POLITICAL, MILITARY, DIPLOMATIC The three networks took the initiative and each departed from the routine war news of the day to file distinct features on the situation in Iraq. CBS looked at politics as Lara Logan obtained an Exclusive sitdown with Prime Minister Nouri al-Maliki. "There is a real threat of a coup," he confessed to Logan, since the top ranks of his army have been filled with "so many officers who served under Saddam Hussein." The prime minister proclaimed: "No I am not afraid--but I have to watch the army."

ABC's Terry McCarthy traveled to al-Anbar Province to take A Closer Look at the military leadership of Gen David Petraeus. The general's primary mission is to establish security in Baghdad itself so he explained what he was doing out in the desert: "You have to get into the belts that surround Baghdad. That is where the carbomb factories are." Furthermore his briefers told him that each month at least 60 foreign fighters cross the al-Anbar desert from Syria: "You can do the math. That is a substantial number of sensational attacks."

NBC examined the continuing failure of the State Department to provide political asylum for war refugees whose lives were threatened after working for the United Nations or the United States in Baghdad. In the four years since the fall of Baghdad, Andrea Mitchell pointed out, the US has granted 535 visas compared with 18,000 last year alone by European nations. "So far," she stated, screening applicants to eliminate potential terrorists "is a higher priority than providing safe haven."

THOMPSON’S NEW ROLE Actor Fred Thompson's screen credits make him an easy Presidential candidate to cover in a television news story. Sure enough, when the former Tennessee senator announced that he would formally begin fundraising for a run for the Republican nomination, ABC's Jake Tapper (subscription required) strung together a Law & Order TV clip with movie clips from Die Hard 2 and In the Line of Fire before the inevitable line: "Playing a President is a lot easier than being one." Tapper ticked off a trio of Thompson weaknesses: a lackluster legislative record, policy positions on campaign finance and abortion that buck conservative orthodoxy, a non-acting career as an inside-the-Beltway lobbyist.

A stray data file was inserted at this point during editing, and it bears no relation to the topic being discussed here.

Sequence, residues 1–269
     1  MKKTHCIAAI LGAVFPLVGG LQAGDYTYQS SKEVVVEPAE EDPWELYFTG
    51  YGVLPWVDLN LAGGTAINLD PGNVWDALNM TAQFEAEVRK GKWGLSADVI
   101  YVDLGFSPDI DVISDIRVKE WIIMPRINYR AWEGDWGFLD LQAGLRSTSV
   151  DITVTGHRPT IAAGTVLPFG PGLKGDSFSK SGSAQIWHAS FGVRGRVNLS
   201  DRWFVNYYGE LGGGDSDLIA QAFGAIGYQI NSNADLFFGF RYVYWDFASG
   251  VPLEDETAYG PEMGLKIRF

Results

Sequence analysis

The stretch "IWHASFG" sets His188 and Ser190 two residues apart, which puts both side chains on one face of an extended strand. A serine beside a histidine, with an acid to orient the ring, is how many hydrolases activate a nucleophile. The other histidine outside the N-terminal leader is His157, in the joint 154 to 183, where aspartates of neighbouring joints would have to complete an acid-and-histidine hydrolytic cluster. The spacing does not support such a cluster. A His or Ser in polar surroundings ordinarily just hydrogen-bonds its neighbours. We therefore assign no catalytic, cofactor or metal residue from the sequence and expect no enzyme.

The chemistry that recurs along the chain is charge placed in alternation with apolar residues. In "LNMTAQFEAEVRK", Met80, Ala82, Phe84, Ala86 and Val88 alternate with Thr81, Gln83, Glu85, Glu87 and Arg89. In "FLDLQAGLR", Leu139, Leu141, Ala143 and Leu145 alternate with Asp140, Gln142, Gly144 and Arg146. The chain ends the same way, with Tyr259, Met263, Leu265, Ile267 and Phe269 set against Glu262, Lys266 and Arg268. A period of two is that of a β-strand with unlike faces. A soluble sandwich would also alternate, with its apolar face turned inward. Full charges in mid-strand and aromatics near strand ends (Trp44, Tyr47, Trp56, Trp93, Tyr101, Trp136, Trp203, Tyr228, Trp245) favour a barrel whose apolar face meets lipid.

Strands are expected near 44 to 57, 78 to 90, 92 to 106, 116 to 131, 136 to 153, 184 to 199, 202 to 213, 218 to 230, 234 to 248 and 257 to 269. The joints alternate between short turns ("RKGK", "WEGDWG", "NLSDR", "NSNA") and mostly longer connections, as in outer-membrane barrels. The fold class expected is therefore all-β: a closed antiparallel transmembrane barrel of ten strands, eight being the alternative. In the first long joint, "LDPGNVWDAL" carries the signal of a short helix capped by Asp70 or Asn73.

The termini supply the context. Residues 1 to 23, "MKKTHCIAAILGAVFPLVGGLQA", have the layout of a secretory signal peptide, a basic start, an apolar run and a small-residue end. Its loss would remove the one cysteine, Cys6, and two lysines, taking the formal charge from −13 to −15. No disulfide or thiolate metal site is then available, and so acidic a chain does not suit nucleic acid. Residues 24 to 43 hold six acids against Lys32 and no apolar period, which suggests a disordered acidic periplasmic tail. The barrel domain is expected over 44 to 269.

Thompson's strength, ABC's in-house political analyst Mark Halperin suggested, is that rivals John McCain, Mitt Romney and Rudolph Giuliani "have problems with the conservatives." And NBC's Tim Russert elaborated on how Thompson might match up: he might attract Giuliani supporters "more comfortable with his conservative credentials;" he might split the McCain base because he supported McCain in 2000; he might undercut Romney because "Romney looks less conservative." Russert summed up all that spin: "Every campaign believes they have an interest in the Thompson entry."

THE BIG KIDNEY "Even the broadcaster admits the concept is offensive." CBS' Richard Roth was describing the latest reality gameshow from Holland's BNN-TV, the network that invented the Big Brother franchise, which is aired in the United States by CBS. de Grote Donor Show features a terminally-ill 37-year-old woman choosing which of the three contestants, each suffering from kidney disease, will receive her organ in a transplant. The founder of BNN-TV was an entertainer "famous for ratings stunts" who died of kidney failure five years ago. "The station says the program is a tribute"--but Roth did not elucidate whether it was a tribute to his illness or to his stunts.

PAINTING BY NUMBERS China is a country that is "taking knockoffs to an art form," declared NBC's Mark Mullen as he traveled to the village of Dafen near Hong Kong. It is home to 8,000 artists who paint canvasses each year worth $35m. Almost all are handmade copies of fine art masterpieces: a Pablo Picasso portrait for $95, a Mona Lisa for $50, a Sunflowers for $25. Using production line techniques "artists paint only their specialty on part of a canvas--a flower petal, landscape or abstract--before it moves on to the next artist to fill in his portion." Mullen called the end result "masterpieces for the masses."

FAREWELL WHALES, HELLO APES Both ABC and CBS closed their newscasts with animal stories. For CBS, finally, it was the end of the "18-day circus" as Sandra Hughes put it. The pair of humpback whales whose every blow and tail thrash had been so lovingly documented "made a quiet exit through the Golden Gate into the open ocean sometime overnight." So there was no triumphant money shot of their spouts signaling survival: "It looks like they gave us the slip," shrugged NBC's George Lewis.

True to form, ABC did not consider the whales newsworthy enough to warrant a reporter. Instead John Berman was sent to the Great Ape Trust laboratory in Des Moines Iowa where primatologists are in dialogue with ten of our animal cousins. Humans use speech and apes respond by tapping on a keyboard of 350 lexigrams, symbols that represent thoughts or objects. "You are the first ape that I have ever interviewed," Berman confessed to Kanzi the bonobo.

MENTIONED IN PASSING The network newscasts do not assign correspondents to all of the news of the day. If Tyndall Report readers come across videostreamed reports online of stories that were mentioned only in passing, post the link in comments for us to check out.

Today's examples: on Wall Street, the S&P 500 index finally returned to its levels of the spring of 2000, closing at an all-time high…a US-Russia summit between Vladimir Putin and George Bush is scheduled for Maine in July…Microsoft unveiled its Surface computer, formatted as a tabletop instead of a laptop..a USArmy Chinook helicopter was shot down in Afghanistan's Helmand Province, killing all seven on board.